Our first stretch goal has been met! Command line tools and “pass” password database integration will be available when the devices ship. To enable command line tools to interact with the device, I will separate the parts of the current application that communicate with the device into a daemon that will listen for requests from both the GUI and the command line tools. Once the command line work is completed it will be possible to perform all tasks that can currently be performed from the GUI on the command line. It will still be possible to deploy the application as a single self-contained binary by making the application take on different roles depending on the command line arguments passed, starting an instance of itself in daemon mode if neccesary.
The next stretch goal is for browser plugins, which will be unlocked at $10,000 USD. Upon meeting this goal, the Firefox plugin will be made available within three weeks of the shipment date, followed by a Chrome plugin within six weeks of shipment. I will develop the plugins even if we miss this goal, but I wont be able to take additional time off my day job to meet this tighter schedule.
The browser plugins will take advantage of the same client/server architecture that will be developed to support the command line tools. Instead of needing to directly access the hardware, the plugins will send commands to the daemon to figure out which field is needed and request its value.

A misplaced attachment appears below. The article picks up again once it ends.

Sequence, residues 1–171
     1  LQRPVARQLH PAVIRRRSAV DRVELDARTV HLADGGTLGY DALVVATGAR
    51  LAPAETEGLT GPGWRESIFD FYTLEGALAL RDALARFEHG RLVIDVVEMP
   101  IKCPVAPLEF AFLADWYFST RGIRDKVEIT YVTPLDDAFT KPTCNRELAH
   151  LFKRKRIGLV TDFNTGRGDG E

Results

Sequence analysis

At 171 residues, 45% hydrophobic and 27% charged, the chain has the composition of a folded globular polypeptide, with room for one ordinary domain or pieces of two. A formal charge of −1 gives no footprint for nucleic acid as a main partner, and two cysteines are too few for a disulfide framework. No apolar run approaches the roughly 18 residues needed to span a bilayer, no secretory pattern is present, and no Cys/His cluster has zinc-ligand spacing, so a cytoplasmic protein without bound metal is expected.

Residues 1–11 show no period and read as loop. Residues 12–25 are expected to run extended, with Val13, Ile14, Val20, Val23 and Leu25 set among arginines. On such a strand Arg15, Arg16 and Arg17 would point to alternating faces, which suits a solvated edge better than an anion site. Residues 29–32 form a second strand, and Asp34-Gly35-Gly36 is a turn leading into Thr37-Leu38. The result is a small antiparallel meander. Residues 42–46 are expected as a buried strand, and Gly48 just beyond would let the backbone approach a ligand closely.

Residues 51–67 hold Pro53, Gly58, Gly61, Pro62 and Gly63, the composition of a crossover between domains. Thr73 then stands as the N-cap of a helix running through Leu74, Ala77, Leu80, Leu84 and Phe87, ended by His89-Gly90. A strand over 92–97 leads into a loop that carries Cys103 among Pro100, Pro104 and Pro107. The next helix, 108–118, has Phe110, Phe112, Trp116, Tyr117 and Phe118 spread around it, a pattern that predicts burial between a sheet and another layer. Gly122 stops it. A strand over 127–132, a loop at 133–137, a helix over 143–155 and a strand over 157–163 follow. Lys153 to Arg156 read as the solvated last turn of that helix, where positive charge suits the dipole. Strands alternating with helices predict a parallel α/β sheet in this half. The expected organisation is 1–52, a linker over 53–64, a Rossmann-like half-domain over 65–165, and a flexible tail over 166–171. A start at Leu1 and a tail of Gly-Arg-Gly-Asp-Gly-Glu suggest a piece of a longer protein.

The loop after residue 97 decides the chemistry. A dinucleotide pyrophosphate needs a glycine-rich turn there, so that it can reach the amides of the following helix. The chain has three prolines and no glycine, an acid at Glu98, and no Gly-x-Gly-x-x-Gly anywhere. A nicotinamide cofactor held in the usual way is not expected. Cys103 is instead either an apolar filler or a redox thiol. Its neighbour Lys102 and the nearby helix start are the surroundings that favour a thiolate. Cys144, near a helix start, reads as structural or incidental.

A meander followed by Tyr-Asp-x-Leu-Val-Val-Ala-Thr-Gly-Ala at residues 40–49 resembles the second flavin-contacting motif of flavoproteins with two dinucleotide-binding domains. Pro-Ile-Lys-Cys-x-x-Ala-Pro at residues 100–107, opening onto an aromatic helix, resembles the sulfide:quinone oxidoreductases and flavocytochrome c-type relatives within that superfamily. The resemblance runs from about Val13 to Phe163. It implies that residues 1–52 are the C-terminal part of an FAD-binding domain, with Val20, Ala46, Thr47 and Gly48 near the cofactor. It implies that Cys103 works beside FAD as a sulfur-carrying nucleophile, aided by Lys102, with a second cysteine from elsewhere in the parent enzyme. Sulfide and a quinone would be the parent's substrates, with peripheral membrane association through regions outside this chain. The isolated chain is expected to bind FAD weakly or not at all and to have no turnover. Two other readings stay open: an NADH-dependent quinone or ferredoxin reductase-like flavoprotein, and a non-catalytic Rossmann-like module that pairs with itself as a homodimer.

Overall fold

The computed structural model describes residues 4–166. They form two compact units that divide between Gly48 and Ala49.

Just as with the GUI, a button press will be required to fetch the data. This should be somewhat more convienent than using the GUI, but slower than autofilling browser plugins. You should still feel much more confident about the security of your data: there have been cases where autofilling browser plugins have leaked information to attackers. While this cannot be ruled out with the Signet plugins, the scope of the data that might be lost is conserably less because the plugin never receives a snapshot of the database, encrypted or unencrypted: only the specific data needed to fill the selected form field.
A small change has been made to the production PCB design that should interest anyone who would like to experiment with other hardware applications: I am adding a boot mode selection DIP switch to the back of the board, which will allow users to swtich between the application and the factory bootloader without having to do any temporary soldering. You do not need to use this to upgrade the Signet firmware, since a pure software method for that is available within the Signet firmware. However this feature makes it much easier to develop completely new firmware for the hardware, as some users have expressed interest in. The switch could be used if a firmware update went wrong, which would prevent the standard update method from being used to recover the device.
Many thanks to everyone for their support, great questions, and feedback.